The Church has a really strange way of preparing us for the joy of the Christmas season.
It has us spend much of Advent reading about the end of the world.
Consider the gospel reading for the First Sunday of Advent:
There will be signs in the sun, the moon, and the stars,
and on earth nations will be in dismay,
perplexed by the roaring of the sea and the waves.
People will die of fright
in anticipation of what is coming upon the world,
for the powers of the heavens will be shaken.
And then they will see the Son of Man
coming in a cloud with power and great glory (Luke 21:25-27).
This past Sunday we were introduced to the figure of John the Baptist — a doomsday prophet if ever there was one — and, next week, we will hear one of those dire warnings:
I am baptizing you with water,
but one mightier than I is coming.
I am not worthy to loosen the thongs of his sandals.
He will baptize you with the Holy Spirit and fire.
His winnowing fan is in his hand to clear his threshing floor
and to gather the wheat into his barn,
but the chaff he will burn with unquenchable fire (Luke 3:16-17).
These do not seem like the sort of prophecies we expect for Christmas. No mention of the virgin birth, the Prince of Peace and Emmanuel, or the light of the world. Of course it is in the Old Testament readings that we find all of that prophetic joy. But this is only to beg the question: why is it that as we get closer in the biblical timeline to the joyful birth of Christ that the tone gets darker?
The easy or obvious answer is that in remembering the First Coming of Christ we are to look ahead to the Second Coming, but this answer alone seems unsatisfactory. Could there be a deeper connection between the two?
Further reflection on the readings seems to suggest an affirmative answer. The Church insists too much on the juxtaposition of the readings for Advent and the apocalypse for the connection to be merely a superficial one.
It seems that the Church wants us to have the images of the apocalypse in mind as we begin to look forward to Christmas. The reason is that the same helpless infant who lies in a manger is the Judge who returns at the end times. In other words, the same Son of Man who is ‘coming in a cloud with power and great glory’ on the day the heavens shake and people perish in fear is the same baby adored by the shepherds and Magi.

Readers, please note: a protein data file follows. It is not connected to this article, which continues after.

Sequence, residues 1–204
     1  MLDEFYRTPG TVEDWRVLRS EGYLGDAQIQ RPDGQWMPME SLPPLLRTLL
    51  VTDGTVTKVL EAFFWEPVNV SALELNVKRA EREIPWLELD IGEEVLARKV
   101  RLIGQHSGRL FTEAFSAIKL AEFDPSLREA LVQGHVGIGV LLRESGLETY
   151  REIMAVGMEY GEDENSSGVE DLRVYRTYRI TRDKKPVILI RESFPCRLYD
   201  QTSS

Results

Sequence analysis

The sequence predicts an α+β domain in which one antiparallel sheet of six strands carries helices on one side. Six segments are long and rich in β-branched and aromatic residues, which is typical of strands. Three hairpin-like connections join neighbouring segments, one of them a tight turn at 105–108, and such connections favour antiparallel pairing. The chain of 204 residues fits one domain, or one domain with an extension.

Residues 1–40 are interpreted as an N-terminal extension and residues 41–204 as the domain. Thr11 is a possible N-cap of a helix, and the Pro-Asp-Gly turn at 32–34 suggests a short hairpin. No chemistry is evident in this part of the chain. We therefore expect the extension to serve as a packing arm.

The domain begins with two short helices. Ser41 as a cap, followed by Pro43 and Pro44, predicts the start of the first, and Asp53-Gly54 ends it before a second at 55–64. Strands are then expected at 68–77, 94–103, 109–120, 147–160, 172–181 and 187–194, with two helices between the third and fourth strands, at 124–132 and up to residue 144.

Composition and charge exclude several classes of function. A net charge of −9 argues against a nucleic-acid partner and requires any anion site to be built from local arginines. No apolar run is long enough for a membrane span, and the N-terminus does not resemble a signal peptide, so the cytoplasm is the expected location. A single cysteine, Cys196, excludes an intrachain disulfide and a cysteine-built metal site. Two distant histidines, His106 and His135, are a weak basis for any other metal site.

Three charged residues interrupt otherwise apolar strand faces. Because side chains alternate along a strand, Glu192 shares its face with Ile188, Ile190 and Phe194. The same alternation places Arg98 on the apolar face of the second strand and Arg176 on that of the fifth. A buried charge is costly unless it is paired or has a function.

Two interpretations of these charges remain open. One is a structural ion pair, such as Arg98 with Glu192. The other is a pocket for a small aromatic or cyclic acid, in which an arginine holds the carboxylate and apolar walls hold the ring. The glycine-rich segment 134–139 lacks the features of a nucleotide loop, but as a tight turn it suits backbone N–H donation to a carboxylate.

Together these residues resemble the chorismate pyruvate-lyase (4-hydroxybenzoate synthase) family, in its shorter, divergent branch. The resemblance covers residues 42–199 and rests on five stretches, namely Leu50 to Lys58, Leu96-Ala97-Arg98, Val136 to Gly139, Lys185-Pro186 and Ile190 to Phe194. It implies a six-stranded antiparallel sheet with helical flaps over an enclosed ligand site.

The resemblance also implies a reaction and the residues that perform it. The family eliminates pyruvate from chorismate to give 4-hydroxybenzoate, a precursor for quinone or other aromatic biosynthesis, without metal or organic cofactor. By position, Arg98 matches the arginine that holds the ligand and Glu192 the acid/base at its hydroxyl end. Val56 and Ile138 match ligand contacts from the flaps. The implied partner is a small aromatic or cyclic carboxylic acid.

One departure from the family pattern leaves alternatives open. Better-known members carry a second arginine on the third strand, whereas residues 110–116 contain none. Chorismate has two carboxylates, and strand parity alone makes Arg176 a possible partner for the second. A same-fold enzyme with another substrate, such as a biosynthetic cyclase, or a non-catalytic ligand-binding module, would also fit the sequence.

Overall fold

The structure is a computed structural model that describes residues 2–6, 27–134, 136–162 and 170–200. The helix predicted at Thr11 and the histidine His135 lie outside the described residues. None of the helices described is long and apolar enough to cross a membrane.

The juxtaposition of Advent and the apocalypse, then, drives home the truth of the Incarnation as the union of the divine and human, the marriage of heaven and earth, the Word in the flesh. That is both joyful and jarring. Indeed, the truth of the Incarnation should always surprise us. We should be jostled out of our deep sleep. As Ephesians 5:14 declares, ‘Awake, o sleeper!’
The apocalyptic readings do more than just rouse us out of our comfort zones. They also instill a sense awe before the Christ Child. They remind us that He is the same one who will be the Judge who comes at the end of the earth to decide the fate of all men.
In fact, the first Advent is what makes possible the second one. For it is precisely by virtue of His earthly life and death that Christ is the judge. He is uniquely positioned to judge humanity because He has been human. As the medieval theologian Nicholas of Cusa notes in his sermon on Christ’s descent to hell, the Son of God judges all according to the standard He set by His life. And the standard He set was one of ‘Absolute Obedience’ to the Father. Nicholas concludes,
For His obedience is the exemplar of obedience, so that in accordance with it all men are judged. And so, He is the Judge of the living and of the dead.
The Incarnation then, from the very beginning, even before the Cross, sets in motion the events that lead to the end of the earth. It is very fitting, then, that we keep the Apocalypse in mind during Advent, given that it is the destination towards which this season propels us. The great comfort of Advent is that our future judge has come in advance of His day of judgment in order to console us, strengthen us, and transform us in order that we might be ready.